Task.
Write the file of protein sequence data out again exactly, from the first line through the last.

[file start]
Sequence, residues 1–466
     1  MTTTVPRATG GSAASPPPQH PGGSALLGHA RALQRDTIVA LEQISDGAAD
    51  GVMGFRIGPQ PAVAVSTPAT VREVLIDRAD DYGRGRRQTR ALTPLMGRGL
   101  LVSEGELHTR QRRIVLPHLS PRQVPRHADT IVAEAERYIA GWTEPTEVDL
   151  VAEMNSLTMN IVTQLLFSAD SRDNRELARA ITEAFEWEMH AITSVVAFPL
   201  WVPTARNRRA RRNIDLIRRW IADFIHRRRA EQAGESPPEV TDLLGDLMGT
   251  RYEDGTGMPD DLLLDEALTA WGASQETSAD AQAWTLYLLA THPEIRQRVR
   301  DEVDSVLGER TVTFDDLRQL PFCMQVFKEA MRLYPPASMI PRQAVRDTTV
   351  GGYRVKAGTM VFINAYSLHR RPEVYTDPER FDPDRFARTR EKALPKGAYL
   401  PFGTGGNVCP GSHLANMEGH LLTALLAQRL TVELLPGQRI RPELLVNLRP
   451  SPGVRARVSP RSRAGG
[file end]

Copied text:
Sequence, residues 1–466
     1  MTTTVPRATG GSAASPPPQH PGGSALLGHA RALQRDTIVA LEQISDGAAD
    51  GVMGFRIGPQ PAVAVSTPAT VREVLIDRAD DYGRGRRQTR ALTPLMGRGL
   101  LVSEGELHTR QRRIVLPHLS PRQVPRHADT IVAEAERYIA GWTEPTEVDL
   151  VAEMNSLTMN IVTQLLFSAD SRDNRELARA ITEAFEWEMH AITSVVAFPL
   201  WVPTARNRRA RRNIDLIRRW IADFIHRRRA EQAGESPPEV TDLLGDLMGT
   251  RYEDGTGMPD DLLLDEALTA WGASQETSAD AQAWTLYLLA THPEIRQRVR
   301  DEVDSVLGER TVTFDDLRQL PFCMQVFKEA MRLYPPASMI PRQAVRDTTV
   351  GGYRVKAGTM VFINAYSLHR RPEVYTDPER FDPDRFARTR EKALPKGAYL
   401  PFGTGGNVCP GSHLANMEGH LLTALLAQRL TVELLPGQRI RPELLVNLRP
   451  SPGVRARVSP RSRAGG